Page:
Toxie's mean, green, and back on the screen! Melvin Junko was a nerdy 98lb weakling until he fell into a vat of toxic waste, turning him into the first ever superhuman superhero from New Jersey. This time the hideously deformed creature of superhuman size and strength takes on Tokyo. The Toxic Avenger Part II is a spectacular sequel with even more ingenious special effects, even more bizarre action, and even more unbelievably famous fight scenes. He's come a long way from Tromaville, baby!
The beloved sequel to the best-selling Toxic Avenger, known to some as "Toxie in Japan," includes a brand new introduction from director Lloyd Kaufman and many other 'Tromatic' special features! Lovingly remastered by legendary Troma filmmakers Lloyd Kaufman and Michael Herz, this Blu-Ray/DVD combo marks the film's first high-definition release in North America.
In 1984, Lloyd Kaufman and Michael Herz created Troma's brand of a superhero, which was the 'Toxic Avenger'. It brought the small indie film studio into the limelight, which created an instant cult following, and made enough money to finance several more films. This superhero was a nerdy janitor who was bullied and picked on, but then fell into a vat of toxic waste and emerged a horribly disfigured superhero who would fight the bad guys in town.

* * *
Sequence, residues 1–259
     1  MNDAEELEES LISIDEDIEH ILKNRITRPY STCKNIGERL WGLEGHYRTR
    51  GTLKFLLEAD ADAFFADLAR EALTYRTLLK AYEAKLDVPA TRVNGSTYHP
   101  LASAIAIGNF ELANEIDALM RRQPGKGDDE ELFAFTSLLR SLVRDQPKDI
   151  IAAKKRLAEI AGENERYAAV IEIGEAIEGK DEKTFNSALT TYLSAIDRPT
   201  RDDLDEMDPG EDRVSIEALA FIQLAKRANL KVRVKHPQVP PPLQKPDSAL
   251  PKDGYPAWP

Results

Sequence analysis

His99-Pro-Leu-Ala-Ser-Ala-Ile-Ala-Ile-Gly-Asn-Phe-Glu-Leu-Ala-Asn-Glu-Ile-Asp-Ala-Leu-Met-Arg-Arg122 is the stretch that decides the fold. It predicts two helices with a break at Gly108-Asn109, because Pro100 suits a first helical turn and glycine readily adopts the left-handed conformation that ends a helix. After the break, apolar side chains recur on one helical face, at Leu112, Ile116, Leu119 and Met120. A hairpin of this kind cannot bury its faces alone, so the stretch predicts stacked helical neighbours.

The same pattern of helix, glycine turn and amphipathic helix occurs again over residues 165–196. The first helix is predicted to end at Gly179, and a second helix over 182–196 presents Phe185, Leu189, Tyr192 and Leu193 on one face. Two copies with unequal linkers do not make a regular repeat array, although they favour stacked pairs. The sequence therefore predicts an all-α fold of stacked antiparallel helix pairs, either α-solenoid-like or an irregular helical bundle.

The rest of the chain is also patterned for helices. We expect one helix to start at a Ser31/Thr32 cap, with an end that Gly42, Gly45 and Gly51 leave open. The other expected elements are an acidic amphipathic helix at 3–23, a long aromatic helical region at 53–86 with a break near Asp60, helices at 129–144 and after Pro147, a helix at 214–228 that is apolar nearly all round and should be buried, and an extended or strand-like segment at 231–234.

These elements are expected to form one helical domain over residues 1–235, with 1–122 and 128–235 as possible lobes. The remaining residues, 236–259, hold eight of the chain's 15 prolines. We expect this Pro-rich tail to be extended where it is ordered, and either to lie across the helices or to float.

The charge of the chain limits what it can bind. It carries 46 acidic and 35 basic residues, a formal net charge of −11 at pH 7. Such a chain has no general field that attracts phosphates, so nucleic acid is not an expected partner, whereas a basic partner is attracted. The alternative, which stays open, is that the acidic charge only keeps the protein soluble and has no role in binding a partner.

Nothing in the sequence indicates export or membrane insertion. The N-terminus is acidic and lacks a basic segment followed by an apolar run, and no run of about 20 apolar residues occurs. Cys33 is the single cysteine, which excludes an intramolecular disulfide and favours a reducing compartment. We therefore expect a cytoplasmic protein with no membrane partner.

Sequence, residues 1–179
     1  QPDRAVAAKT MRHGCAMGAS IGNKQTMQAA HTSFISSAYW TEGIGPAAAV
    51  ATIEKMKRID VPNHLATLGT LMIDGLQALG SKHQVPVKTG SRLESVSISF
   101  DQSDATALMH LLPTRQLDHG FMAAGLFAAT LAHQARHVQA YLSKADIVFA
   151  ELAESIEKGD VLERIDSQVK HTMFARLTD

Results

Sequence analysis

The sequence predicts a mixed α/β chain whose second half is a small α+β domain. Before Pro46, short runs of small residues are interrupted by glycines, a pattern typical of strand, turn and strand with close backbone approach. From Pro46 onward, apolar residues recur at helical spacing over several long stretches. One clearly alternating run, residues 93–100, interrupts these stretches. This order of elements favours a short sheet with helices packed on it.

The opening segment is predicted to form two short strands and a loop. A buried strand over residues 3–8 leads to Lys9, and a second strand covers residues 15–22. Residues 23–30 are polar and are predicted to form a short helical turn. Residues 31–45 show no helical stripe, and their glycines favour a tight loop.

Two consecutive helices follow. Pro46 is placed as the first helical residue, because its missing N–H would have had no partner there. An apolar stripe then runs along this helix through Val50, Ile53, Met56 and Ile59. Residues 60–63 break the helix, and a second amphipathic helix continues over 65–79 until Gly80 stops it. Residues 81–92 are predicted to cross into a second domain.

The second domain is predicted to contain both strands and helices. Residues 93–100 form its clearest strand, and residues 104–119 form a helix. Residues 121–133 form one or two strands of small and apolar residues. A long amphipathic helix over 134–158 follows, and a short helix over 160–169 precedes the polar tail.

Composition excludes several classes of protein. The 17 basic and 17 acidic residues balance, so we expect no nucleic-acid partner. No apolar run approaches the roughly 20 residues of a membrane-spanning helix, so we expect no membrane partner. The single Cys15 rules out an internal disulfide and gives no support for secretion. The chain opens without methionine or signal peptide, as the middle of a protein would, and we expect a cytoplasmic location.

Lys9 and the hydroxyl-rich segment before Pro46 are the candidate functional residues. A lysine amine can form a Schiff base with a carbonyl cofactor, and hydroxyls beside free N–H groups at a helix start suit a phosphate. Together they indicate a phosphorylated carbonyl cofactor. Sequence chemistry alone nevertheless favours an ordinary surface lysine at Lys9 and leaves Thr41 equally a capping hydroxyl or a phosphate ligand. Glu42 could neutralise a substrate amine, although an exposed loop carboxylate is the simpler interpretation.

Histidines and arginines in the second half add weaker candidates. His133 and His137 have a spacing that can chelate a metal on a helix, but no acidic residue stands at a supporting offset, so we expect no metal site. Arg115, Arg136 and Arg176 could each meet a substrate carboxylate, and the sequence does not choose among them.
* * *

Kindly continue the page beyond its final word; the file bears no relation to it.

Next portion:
The year 1989 came around and Kaufman and Herz decided to make a sequel and a quick buck as well, and thus 'The Toxic Avenger: Part II' was born. There are a lot of fun moments here with this sequel, but Kaufman and Herz decided the more over-the-top the better. Instead of telling a somewhat cohesive story from start to finish and furthering the Toxie character in their own Troma way, Kaufman and Herz decided to drag out gross out and gooey scenes too long and put together a bunch of schlocky-silly skits together with blood and guts, rather than keep the story flowing.
Don't get me wrong, there are some genuinely good moments here, but they wear out their welcome rather quickly, even when the crew heads to Japan for a change of scenery. After the events of the first film, Toxie lives with his girlfriend and works at the center for the blind. The town he lives in is free of the bad guys, where everyone lives more or less a hippy lifestyle. Of course, the evil people at Apocalypse Inc., the evil corporation whose sole purpose is to pollute the Earth has a new sinister plan.
However, they know that The Toxic Avenger will stand in the way of their cruel schemes, thus they try to kill Toxie. Meanwhile, Toxie is dealing with his own personal demons in addition to brutally killing the bad guys. He has severe depression and wants to know who his real father is, which sets him out on a journey via windsurfing to Japan to locate his father. It seems like Troma would have quit the character study here, but let's get serious for a minute. This is Troma, and Troma is mostly just interested in more nudity, gore, and violence.
One of the unfortunate things here is that Kaufman and Herz throw all the playing cards on the table in the first fifteen minutes of the movie in one long action scene of destruction, and the film never recovers. They literally blew their wad too early. There are a few later scenes that pack this kind of action, but it is very short lived with long gaps of slow pacing problems. In the end, I still love that this sequel is part of the whole Toxie franchise, but it's very inconsistent and riddled with trying to go the extra mile than telling a cohesive story.